21 Incredible Moon Photos From Travel Channel Fans

The perks of being a night owl.

Set your alarms. Monday night's super moon will be extra special because the moon will be closer to the Earth than it has been in 70 years. It won't be this close again until November 25, 2034.

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We'll be watching Monday night and we know Travel Channel fans will be, too. So many super moons--from the harvest moon to the blood moon--have been Instagrammed by fans this year. Here are our favorite full moons, super moons, moon rises and more from Travel Channel fans using #LiveTravelChannel. 

Capitol Reef National Park, Utah

Norway

Death Valley National Park, California

Brussels, Belgium

White Sands National Monument, New Mexico

Petrified Forest National Park, Arizona

Paris, France

Monument Valley, Utah

San Francisco, California

Iceberg Alley, Canada

Grand Canyon National Park, Arizona

Paris, France

Denali National Park, Alaska

Arches National Park, Utah

Mendoza, Argentina

Valcava, Italy

Sardinia, Italy

Banff, Canada

Leon, Spain

Mount Tamalpais State Park, California

Salar De Uyuni, Bolivia

More Stargazing

Stargazing at Utah's Natural Bridges National Monument

8 Best Places to See the Stars in Our National Parks

To the Bridge, Spock

To the Bridge, Spock

Utah’s Natural Bridges National Monument already has a height advantage, rising 6,500 feet above sea level on Cedar Mesa. The rocky catwalks not only bring you closer to the stars, they carry the distinction of being in the first national monument to be certified by the International Dark-Sky Association, an organization that aims to curb light pollution and preserve our celestial views (sort of like a non-profit dimmer switch). 960 1280

  

Star Man

Star Man

Park Rangers at Southern Utah’s Bryce Canyon take their stargazing seriously. They are tasked with protecting the area’s incredible natural darkness for the 100+ astronomy programs that operate every year within the park. How dark is it? It’s so dark that Venus and Jupiter are bright enough to cast your shadow on the canyon floor. For maximum cosmological majesty, plan your trip around the Annual Astronomy Festival in early June.  960 1280

BRYCE R. BRADFORD  

California Stars

California Stars

Just beyond the reach of L.A.’s ring of smog and neon, Joshua Tree National Park is Southern California’s personal planetarium. Winter solstice offers the longest night of the year and best star gawking opportunity. Weave your way through the desert hippie caravans and gaze deeply into the turquoise buckle of Orion’s belt.  960 1280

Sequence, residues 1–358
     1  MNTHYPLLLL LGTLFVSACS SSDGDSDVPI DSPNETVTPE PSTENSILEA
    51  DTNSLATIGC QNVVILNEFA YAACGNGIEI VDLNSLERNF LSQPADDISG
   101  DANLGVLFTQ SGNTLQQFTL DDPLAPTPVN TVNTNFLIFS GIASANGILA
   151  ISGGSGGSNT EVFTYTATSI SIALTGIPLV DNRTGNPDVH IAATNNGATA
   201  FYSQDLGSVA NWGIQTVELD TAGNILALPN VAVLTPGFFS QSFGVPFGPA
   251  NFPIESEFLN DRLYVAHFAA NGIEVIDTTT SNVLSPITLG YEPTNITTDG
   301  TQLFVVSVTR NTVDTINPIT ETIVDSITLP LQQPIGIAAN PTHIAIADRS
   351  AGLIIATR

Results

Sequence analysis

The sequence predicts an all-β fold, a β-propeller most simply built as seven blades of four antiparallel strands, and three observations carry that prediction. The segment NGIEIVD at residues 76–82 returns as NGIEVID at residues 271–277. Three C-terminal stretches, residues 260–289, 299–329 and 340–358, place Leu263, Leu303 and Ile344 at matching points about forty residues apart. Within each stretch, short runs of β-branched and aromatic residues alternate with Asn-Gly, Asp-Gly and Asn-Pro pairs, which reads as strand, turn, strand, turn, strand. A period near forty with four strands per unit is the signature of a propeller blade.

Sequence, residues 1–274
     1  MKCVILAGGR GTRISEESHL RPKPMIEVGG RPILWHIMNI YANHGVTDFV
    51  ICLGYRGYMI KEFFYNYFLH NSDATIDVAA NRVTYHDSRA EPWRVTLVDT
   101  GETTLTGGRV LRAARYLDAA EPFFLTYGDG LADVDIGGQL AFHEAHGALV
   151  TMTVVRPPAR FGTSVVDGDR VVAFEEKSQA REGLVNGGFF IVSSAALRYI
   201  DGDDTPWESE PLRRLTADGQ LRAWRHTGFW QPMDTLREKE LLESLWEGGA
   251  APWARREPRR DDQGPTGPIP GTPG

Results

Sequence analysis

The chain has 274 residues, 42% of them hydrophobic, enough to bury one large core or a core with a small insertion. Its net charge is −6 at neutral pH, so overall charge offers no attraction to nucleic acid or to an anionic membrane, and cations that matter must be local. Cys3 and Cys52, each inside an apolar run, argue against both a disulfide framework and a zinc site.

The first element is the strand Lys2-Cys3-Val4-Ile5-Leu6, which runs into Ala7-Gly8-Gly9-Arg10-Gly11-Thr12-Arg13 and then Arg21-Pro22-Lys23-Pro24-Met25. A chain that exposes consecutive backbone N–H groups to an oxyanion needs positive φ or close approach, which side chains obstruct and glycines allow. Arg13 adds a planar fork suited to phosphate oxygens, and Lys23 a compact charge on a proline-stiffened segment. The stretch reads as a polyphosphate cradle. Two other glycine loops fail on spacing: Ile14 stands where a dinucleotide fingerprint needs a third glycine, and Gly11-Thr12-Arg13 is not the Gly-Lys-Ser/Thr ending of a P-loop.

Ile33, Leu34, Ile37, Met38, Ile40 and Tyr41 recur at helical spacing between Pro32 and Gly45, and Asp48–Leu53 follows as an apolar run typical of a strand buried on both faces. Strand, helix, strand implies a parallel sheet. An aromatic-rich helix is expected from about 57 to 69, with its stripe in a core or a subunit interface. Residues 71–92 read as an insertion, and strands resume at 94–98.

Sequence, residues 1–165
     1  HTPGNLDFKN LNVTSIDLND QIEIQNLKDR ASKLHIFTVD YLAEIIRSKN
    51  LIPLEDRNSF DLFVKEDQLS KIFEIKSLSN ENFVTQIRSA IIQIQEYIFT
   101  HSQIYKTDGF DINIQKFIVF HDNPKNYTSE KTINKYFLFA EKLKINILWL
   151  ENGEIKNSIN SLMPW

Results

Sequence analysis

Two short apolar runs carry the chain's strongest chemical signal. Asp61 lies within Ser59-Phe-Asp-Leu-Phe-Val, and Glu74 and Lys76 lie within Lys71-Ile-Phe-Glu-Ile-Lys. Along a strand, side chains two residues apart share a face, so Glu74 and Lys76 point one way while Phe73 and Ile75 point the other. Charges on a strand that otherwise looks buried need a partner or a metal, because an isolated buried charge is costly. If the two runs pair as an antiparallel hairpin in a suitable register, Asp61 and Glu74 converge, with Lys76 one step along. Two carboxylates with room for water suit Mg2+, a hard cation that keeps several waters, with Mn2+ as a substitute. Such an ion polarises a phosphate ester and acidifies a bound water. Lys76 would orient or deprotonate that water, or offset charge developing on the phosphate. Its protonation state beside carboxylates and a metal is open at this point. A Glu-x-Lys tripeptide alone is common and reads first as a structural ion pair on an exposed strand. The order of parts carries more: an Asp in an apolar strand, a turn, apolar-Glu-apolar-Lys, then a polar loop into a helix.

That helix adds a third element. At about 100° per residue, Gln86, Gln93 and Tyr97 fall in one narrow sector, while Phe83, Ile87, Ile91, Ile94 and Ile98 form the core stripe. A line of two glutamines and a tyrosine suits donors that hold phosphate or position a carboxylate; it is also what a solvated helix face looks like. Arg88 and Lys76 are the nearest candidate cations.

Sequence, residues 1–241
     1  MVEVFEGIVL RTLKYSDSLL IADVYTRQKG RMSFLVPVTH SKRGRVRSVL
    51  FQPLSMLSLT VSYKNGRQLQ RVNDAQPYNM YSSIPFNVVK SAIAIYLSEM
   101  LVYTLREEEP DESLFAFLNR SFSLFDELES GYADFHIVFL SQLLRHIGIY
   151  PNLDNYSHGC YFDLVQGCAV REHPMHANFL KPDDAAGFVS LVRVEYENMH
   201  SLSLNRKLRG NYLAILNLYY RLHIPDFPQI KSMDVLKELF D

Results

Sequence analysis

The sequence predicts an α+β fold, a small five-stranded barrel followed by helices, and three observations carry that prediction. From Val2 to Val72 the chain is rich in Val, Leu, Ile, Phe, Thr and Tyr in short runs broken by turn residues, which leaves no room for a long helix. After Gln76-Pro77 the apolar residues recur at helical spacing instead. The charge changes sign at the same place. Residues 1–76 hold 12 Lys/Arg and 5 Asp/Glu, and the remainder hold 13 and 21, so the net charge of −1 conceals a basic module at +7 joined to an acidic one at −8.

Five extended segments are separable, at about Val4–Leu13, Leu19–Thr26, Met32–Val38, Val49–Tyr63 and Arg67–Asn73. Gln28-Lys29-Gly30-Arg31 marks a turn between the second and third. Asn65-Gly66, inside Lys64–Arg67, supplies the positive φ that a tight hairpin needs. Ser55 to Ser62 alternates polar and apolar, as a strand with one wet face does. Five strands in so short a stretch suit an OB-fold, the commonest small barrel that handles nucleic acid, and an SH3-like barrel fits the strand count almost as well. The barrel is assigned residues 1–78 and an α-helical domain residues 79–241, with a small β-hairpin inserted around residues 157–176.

Temple of Stars

Temple of Stars

While perhaps not an obvious choice, Zion National Park in Utah rewards the patient star seeker with some stellar views of the Milky Way. With its towering sandstone cliffs and peculiar rock formations, there’s always something to see in Zion if you look up, even on a moonlit night. Just stay to the paths.

 

 

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The Western Sky

The Western Sky

California’s Yosemite National Park is a popular destination for amateur astronomers who tend to gather at Glacier Point between June and August. Ask politely and they may let you peep through their impressively large telescopes. If you’re looking for a guided star voyage, astronomy walks are offered in Yosemite Valley, Tuolumne Meadows, and Wawona. DIY-ers can download an app like GoSkyWatch and plot their own trip through the night sky.  960 1280

  

A Star is Born

A Star is Born

Utah’s Arches National Park is one of the most arresting and photographed landscapes in the world, but at nightfall it becomes a darkened theater for the big cosmic revue overhead. Campers extinguish fires and recline their lawn chairs to take in the great celestial spray of the Milky Way as it bends from horizon to horizon, upstaged only by the occasional streaking meteor. 960 1280

Diana Robinson  

Sea of Darkness

Sea of Darkness

If you really want to get away from the city lights, head for the improbably named Dry Tortugas National Park, which is actually a string of seven small islands in the Gulf of Mexico. Go native and camp on the beach for some all-night sky watching. The only non-celestial light you’ll see is the intermittent flashing from the lighthouse on Loggerhead Key.  

 

 

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Picasa  

Party With the Stars

Party With the Stars

Arizona’s Grand Canyon offers one of the best views of the night sky in the U.S. The Tucson Amateur Astronomy Association throws star parties on the canyon’s South Rim, while the Saguaro Astronomy Club of Phoenix hosts competing events on the North Rim. Whichever bash you choose, make sure you dress warmly and look down from time to time. That first step is a doozy.  960 1280

  

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